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MEMORY
           Psychology of Memory:  
       Vividness and Memory

     Imagine that you have to teach a course that many
students find difficult and dry.  Many students seem to
have difficulty recalling many of the concepts in the
course.  What can you do to increase their recall of
concepts and improve grades on exams?
    Presenting information in a vivid manner is one
possible technique that might increase recall of
information.  Information could be presented in a more
vivid manner by making it more concrete, detailed, and
colorful.
    Some studies suggest that greater vividness in a
message increases the ability to recall information in a
message (e.g., Collins, Taylor, & Wood, 1988; Shedler
& Manis, 1986).
   In their first experiment, Shedler and Manis (1986)
had participants listen to tape recording involving
favorable and unfavorable arguments with respect a
mother's fitness as a parent.  In one condition, all the
favorable arguments had vivid versions, and all the
unfavorable arguments had nonvivid versions.  The
opposite was true in the other condition.  The
participants were asked to recall the arguments 48 hours
later.  Their results suggest that greater vividness, on the
average, increased the ability to recall arguments.
   In their second study, Collins, Taylor, and Wood
(1988) had participants listen to four messages.  Their
findings suggest that greater vividness, on the average,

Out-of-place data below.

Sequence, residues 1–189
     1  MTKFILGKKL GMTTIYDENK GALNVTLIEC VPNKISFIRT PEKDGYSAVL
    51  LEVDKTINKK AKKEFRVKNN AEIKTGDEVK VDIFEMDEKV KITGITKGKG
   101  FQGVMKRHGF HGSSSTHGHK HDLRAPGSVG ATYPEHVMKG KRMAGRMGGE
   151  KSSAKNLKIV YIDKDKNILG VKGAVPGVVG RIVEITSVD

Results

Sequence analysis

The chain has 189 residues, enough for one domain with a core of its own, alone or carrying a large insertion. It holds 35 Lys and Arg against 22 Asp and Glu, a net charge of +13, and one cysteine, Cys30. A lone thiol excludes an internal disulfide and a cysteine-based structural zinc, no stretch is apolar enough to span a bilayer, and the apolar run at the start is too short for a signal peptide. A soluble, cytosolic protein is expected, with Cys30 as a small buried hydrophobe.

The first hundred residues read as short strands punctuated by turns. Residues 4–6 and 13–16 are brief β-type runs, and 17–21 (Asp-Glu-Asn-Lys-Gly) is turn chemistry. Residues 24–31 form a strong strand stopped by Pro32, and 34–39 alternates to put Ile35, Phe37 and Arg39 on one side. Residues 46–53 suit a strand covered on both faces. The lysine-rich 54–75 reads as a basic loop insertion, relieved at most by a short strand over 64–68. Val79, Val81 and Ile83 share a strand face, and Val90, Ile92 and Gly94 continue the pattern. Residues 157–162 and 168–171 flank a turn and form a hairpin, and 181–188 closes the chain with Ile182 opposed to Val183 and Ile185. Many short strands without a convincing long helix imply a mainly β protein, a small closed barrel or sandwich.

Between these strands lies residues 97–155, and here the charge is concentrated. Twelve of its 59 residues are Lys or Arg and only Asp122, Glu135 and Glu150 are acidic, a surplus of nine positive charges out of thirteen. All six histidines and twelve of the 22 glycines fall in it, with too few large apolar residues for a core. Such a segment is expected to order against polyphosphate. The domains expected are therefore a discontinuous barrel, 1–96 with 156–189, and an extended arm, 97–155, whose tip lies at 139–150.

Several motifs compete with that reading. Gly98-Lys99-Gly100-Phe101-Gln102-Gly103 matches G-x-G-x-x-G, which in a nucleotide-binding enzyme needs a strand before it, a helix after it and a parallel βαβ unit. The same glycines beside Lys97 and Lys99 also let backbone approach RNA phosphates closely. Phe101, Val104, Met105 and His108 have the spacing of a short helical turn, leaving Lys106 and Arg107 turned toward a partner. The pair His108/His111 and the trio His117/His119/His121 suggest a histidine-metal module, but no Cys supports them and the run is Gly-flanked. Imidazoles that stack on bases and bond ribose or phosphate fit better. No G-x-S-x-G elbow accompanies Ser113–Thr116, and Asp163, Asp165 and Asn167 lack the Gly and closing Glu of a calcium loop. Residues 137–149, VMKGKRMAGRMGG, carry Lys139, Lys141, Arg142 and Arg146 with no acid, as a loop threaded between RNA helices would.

increased recall of message content.
   However, greater vividness may not always increase
recall of information in a message.  Frey and Eagly
(1993) did
not find that greater vividness increased
recall of information.  In fact, in their low attentional
constraint condition, a vivid editorial
decreased recall,
on the average.  They also found that a vivid editorial
was perceived to be more distracting and as having a less
logical train of thought.   Thus, it may be important that
the vivid information in a message is logical and not
distracting.  (1)
    In order to recall a message, ideas, or concepts, it
may be good to create detailed and colorful examples
that are perceived to be
not distracting, and also
logically consistent with the message, ideas, or
concepts.  This might be a way to increase recall of the
message, ideas, or concepts.   More research may be
needed to gain a better understanding of the influence of
vividness on memory.
  
Notes

1.  See their article for more information about their
study and findings.

References

Collins, R. L., Taylor, S. E., & Wood, J. V.  (1988).
 The vividness effect:  Elusive or Illusory?  J
ournal
  of Experimental Social Psychology
, 24, 1-18.
Frey, K. P., & Eagly, A. H.  (1993).  Vividness can
  undermine the persuasiveness of messages.  J
ournal
  Personality and Social Psychology
, 65, 32-44.
Shedler, J., Manis, M. (1986).  Can the availability
  heuristic explain vividness effects?  J
ournal of
  Personality and Social Psychology
, 51, 26-36.